Iíll be honest. As much as I love my Nintendo DSi, I havenít used it in a while. Most of my commuting time has been spent rocking my iPhone for a few seconds of DoDonPachi before hopping off the train. But Nintendo has successfully reclaimed my rather shoddy attention span with the release of Mario vs Donkey Kong: Mini-Land Mayhem.
Like a number of other Nintendo puzzlers, this latest entry in the Mario vs Donkey Kong
series successfully captures you in accessible, casual gameplay whilst wrapped in a coating of familiarity that makes you all nostalgic about the original arcade version of Donkey Kong
. And in fact, the Game Boy release Donkey Kong Ď94
(anyone remember that? What a quality game).
This time around, Mario is once again in charge of a vast number of wind-up miniatures (in his imageÖ letís not ask why) that are his only hope of saving girlfriend Pauline from the cheeky monkey. The setting is an amusement park, with each of the eight worlds (plus change in the form of bonus stages) played in differently-themed areas.
The goal of each stage is to lead your army of Minis to the goal door, whilst avoiding obstacles and enemies along the way. Youíre initially given a view of the entire world (with bigger stages navigable using either the D-pad or the face buttons) to have a chance at planning your strategy. Tapping a snoozing miniature will start it up and will result in it happily trotting in one direction to the warbly tune of a classic Mario theme.
To secure safe passage, you have to build bridges from girders, activate warp pipes and rescue any other minis that might be trapped in the level - these take the form of other Mario characters such as Toad, Peach and Donkey Kong. Building things requires the right number of parts to do so - drawing a bridge costs a certain number of girder blocks, which you can earn by collecting them in as you minions wander or by removing already-established bridges.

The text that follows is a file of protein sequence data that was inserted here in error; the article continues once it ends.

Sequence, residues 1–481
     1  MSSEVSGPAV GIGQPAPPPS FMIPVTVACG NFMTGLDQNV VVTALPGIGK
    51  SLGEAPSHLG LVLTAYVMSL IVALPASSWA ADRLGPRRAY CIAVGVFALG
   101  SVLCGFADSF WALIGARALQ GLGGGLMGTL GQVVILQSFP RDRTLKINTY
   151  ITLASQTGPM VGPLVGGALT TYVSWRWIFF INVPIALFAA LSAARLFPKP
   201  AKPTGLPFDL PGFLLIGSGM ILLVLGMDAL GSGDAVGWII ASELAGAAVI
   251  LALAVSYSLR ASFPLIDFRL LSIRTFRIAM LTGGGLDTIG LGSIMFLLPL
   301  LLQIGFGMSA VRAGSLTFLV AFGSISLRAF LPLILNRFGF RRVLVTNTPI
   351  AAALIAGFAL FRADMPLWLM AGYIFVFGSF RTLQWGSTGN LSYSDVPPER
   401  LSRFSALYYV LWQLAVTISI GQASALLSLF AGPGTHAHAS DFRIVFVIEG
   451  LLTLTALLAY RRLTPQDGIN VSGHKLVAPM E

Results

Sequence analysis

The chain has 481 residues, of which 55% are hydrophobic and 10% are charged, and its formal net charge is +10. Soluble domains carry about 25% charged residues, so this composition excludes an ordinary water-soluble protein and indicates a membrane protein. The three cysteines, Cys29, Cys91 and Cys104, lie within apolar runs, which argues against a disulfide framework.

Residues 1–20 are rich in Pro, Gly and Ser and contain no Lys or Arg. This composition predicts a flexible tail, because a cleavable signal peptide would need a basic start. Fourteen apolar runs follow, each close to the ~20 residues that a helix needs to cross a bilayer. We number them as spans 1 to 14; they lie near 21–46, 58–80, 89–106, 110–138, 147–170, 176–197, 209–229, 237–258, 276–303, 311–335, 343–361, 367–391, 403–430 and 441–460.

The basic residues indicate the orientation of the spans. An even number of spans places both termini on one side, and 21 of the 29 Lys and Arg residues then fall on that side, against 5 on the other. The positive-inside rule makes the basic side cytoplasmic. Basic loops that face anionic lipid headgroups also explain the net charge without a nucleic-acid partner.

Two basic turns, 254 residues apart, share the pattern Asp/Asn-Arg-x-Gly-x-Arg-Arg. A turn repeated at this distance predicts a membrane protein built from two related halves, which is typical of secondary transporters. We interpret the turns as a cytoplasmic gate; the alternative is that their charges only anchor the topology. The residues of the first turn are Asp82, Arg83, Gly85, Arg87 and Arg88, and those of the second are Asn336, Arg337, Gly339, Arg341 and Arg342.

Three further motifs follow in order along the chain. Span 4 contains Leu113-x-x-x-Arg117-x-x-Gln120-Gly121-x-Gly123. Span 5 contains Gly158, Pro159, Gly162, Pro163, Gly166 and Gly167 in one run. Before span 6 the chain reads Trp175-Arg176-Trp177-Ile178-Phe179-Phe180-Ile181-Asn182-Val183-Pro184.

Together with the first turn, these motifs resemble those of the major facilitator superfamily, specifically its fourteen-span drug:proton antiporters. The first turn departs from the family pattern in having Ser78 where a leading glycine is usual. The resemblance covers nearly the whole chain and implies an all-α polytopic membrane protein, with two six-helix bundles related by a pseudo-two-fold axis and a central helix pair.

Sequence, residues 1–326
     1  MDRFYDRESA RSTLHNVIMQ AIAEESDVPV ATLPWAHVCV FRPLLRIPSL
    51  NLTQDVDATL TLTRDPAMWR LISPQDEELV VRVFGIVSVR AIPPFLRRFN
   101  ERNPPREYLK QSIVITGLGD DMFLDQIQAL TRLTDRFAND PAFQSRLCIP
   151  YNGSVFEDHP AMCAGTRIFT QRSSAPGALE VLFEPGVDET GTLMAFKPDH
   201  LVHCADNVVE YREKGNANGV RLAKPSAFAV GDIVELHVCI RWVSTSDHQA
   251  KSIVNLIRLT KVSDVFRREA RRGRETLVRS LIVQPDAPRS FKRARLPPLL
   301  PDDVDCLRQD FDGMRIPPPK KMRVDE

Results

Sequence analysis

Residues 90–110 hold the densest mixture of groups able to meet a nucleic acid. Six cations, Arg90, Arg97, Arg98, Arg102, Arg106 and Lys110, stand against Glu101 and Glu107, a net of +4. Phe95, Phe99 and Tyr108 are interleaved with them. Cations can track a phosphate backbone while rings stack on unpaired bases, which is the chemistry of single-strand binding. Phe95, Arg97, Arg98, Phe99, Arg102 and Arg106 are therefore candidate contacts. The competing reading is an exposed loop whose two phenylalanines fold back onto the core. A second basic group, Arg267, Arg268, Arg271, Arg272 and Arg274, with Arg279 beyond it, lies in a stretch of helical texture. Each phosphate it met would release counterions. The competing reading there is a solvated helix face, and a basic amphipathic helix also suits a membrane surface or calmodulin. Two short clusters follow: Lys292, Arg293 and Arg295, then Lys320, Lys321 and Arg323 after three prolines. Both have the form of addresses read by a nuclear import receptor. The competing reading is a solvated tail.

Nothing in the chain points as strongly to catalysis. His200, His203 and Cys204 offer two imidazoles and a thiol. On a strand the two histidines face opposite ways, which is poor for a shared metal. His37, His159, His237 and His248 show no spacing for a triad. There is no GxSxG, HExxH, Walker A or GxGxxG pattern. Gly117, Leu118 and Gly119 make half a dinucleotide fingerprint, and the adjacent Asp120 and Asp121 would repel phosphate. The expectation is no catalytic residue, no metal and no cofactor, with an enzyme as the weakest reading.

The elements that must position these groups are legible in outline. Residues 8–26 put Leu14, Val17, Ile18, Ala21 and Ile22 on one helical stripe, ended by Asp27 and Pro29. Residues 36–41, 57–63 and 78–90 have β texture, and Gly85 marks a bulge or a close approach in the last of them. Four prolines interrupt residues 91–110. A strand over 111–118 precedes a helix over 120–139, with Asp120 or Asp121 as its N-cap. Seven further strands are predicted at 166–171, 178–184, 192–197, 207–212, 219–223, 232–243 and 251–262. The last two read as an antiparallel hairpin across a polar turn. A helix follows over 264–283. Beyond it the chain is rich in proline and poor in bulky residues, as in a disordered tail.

If a Mini manages to bump into another, theyíll obediently start marching with them. Itís important to keep them together as the Lemmings-esque goal door that you have to lead them to sets a time limit between the arrival of each consecutive Mini. Generally, these stages wonít be too taxing - each is designed to be completed in the space of a few minutes, with additional bonuses like coins, ĎMí emblems and letter cards to collect to truly finish with the highest score.
As you progress youíll find yourself facing an array of different methods of level-building - conveyor belts, wooden blocks, magnetic floors, multiple doors and key-carrying Miniatures are just some of the things youíll encounter. A lot of these will be specific to a particular world youíll be playing in the main game, which keeps things fresh.
At the end of every world thereís a face-off with Donkey Kong, which is most reminiscent of the classic arcade original. With DK presiding with Pauline at the top screen, you have to navigate your Minis through obstacles on the bottom screen to lead them skywards and knock that brown beastís hide to kingdom come. He still chucks barrels at you, but has this really neat trick (except not really) where certain girder blocks can become inactive, screwing up your near-perfect run if youíre not careful. What a total git.